public void demoTemporaryDirectoryCreation()
   {
      final File newTempDir = Files.createTempDir();
      try
      {
         out.println(
            'New temporary directory is '' + newTempDir.getCanonicalPath() + ''.');
      }
      catch (IOException ioEx)
      {
         err.println('ERROR: Unable to create temporary directory - ' + ioEx.toString());
      }
   }

I don’t provide a code sample here, but it’s worth noting that Guava provides a convenience method for creating a new directory will all necessary new parent directories with its Files.createParentDirs(File) method.

Retrieving Contents of File as Lines

There are times when it is most convenient to get the contents of a file as a series of lines so that each line can be processed. This is commonly done in Groovy with overloaded versions of readLines() and eachLine(). Guava provides similar functionality to Groovy’s File.readLines() with its Files.readLines(File, Charset) method. This is demonstrated in the following code sample.

Demonstrating Files.readLines(File,Charset)

   /**
    * Demonstrate extracting lines from file.
    * 
    * @param fileName Name of file from which lines are desired.
    */
   public void demoRetrievingLinesFromFile(final String fileName)
   {
      final File file = new File(fileName);
      try
      {
         final List<String> lines = Files.readLines(file, Charset.defaultCharset());
         for (final String line : lines)
         {
            out.println('>> ' + line);
         }
      }
      catch (IOException ioEx)
      {
         err.println(
              'ERROR trying to retrieve lines from file ''
            + fileName + '' - ' + ioEx.toString());
      }
   }

The other overloaded version of readLines is interesting because it allows a LineProcessor callback to be specified to terminate returning of lines earlier than the end of the file.

Reading File’s First Line

I have run into numerous situations in which it has been useful to read only the first line of file. This first line might tell my code what type of script is being run, provide XML prolog information, or other interesting overview data of a file’s contents. Guava makes it easy to retrieve just the first line with the Files.readFirstLine(File,Charset) method. This is demonstrated in the next code listing.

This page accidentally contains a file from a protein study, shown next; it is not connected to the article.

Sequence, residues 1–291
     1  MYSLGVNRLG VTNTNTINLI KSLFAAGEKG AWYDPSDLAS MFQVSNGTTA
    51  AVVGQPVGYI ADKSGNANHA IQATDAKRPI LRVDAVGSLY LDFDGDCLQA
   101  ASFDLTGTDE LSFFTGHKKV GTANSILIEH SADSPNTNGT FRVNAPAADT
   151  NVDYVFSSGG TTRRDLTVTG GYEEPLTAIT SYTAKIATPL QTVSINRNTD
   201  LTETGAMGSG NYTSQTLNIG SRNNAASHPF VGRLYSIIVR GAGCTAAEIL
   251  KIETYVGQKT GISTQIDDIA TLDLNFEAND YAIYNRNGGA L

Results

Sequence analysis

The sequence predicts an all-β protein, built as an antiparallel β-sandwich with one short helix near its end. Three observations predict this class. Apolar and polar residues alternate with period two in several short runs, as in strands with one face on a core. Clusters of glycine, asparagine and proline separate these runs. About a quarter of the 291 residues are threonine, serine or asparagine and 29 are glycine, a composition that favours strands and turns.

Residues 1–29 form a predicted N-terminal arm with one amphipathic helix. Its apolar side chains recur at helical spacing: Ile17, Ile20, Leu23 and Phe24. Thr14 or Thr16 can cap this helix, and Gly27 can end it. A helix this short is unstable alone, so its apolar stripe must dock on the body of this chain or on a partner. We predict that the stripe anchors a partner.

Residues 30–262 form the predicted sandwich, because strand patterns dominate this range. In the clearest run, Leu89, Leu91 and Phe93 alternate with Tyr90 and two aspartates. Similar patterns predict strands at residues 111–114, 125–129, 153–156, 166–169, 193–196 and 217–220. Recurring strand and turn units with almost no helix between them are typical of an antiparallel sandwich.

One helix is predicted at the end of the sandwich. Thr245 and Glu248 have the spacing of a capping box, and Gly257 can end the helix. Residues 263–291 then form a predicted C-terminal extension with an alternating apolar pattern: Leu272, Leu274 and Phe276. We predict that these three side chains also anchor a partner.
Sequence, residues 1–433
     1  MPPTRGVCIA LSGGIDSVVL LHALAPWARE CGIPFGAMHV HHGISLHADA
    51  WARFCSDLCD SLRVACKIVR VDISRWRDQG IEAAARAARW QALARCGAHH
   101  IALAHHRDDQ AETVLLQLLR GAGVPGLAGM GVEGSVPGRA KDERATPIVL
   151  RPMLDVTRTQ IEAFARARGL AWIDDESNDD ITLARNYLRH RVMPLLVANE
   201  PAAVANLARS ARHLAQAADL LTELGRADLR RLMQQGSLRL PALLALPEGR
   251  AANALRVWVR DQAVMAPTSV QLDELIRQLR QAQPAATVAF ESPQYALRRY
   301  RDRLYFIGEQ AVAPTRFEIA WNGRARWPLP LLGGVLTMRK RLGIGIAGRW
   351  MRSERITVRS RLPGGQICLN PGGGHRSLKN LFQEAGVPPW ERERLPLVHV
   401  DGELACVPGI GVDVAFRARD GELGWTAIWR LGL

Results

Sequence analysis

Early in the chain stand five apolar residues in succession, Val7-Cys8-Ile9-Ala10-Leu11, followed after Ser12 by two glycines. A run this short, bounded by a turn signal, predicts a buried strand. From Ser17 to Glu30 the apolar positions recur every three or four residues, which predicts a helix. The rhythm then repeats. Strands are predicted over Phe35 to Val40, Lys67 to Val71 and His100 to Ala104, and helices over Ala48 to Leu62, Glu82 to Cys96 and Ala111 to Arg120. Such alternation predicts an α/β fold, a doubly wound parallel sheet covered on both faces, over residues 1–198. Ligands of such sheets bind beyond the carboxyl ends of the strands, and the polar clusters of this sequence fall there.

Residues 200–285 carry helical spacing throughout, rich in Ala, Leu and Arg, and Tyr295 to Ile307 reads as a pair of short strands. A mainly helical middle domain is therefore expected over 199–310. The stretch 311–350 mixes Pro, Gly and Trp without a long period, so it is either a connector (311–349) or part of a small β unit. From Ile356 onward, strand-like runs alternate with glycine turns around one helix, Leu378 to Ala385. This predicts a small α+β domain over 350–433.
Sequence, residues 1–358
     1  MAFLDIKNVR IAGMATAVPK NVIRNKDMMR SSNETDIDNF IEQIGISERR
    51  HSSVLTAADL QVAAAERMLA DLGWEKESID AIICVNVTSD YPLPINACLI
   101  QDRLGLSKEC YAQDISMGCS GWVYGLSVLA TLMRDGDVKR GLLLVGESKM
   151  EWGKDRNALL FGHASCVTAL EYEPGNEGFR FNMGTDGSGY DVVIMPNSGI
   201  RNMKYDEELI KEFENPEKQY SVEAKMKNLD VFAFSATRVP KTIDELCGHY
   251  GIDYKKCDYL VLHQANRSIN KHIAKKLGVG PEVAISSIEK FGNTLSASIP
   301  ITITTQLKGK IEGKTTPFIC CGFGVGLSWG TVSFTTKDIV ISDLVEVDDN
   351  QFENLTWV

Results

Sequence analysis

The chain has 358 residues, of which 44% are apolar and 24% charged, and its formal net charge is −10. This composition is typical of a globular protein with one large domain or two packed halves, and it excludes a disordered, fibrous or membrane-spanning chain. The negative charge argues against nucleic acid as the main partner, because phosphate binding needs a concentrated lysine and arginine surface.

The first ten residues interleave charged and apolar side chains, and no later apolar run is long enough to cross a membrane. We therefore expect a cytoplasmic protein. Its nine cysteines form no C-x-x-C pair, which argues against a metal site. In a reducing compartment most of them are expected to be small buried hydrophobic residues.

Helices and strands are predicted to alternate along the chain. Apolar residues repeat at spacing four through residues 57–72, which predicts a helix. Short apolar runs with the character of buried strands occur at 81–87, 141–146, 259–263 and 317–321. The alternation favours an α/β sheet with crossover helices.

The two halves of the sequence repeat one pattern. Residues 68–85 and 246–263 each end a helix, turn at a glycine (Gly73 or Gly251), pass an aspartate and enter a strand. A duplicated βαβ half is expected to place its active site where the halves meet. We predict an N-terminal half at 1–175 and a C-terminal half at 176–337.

Demonstrating Files.readFirstLine(File,Charset)

   /**
    * Demonstrate extracting first line of file.
    * 
    * @param fileName File from which first line is to be extracted.
    */
   public void demoRetrievingFirstLineFromFile(final String fileName)
   {
      final File file = new File(fileName);
      try
      {
         final String line = Files.readFirstLine(file, Charset.defaultCharset());
         out.println('First line of '' + fileName + '' is '' + line + ''.');
      }
      catch (IOException fileIoEx)
      {
         err.println(
              'ERROR trying to retrieve first line of file ''
            + fileName + '' - ' + fileIoEx.toString());
      }
   }


There’s Much More

Although I have discussed and demonstrated several useful Files methods in this post, the class has many more to offer. Some of these include the ability to append to an existing file with Files.append(CharSequence,File,Charset), getting a file’s checksum with Files.getChecksum(File,Checksum), getting a file’s digest with Files.getDigest(File,MessageDigest), accessing a BufferedReader with Files.newReader(File,Charset), accessing a BufferedWriter with Files.newWriter(File,Charset), and accessing a MappedByteBuffer mapped to an underlying file via overloaded Files.map methods.

Conclusion

File handling in Java is much easier and more convenient with Guava’s Files class. Guava brings file-handling convenience to Java applications that cannot make use of Groovy’s or Java SE 7’s file handling conveniences.

Happy coding and don’t forget to share!

Reference: File Management in Java with Guava’s Files Class from our JCG partner Dustin Marx at the Inspired by Actual Events blog.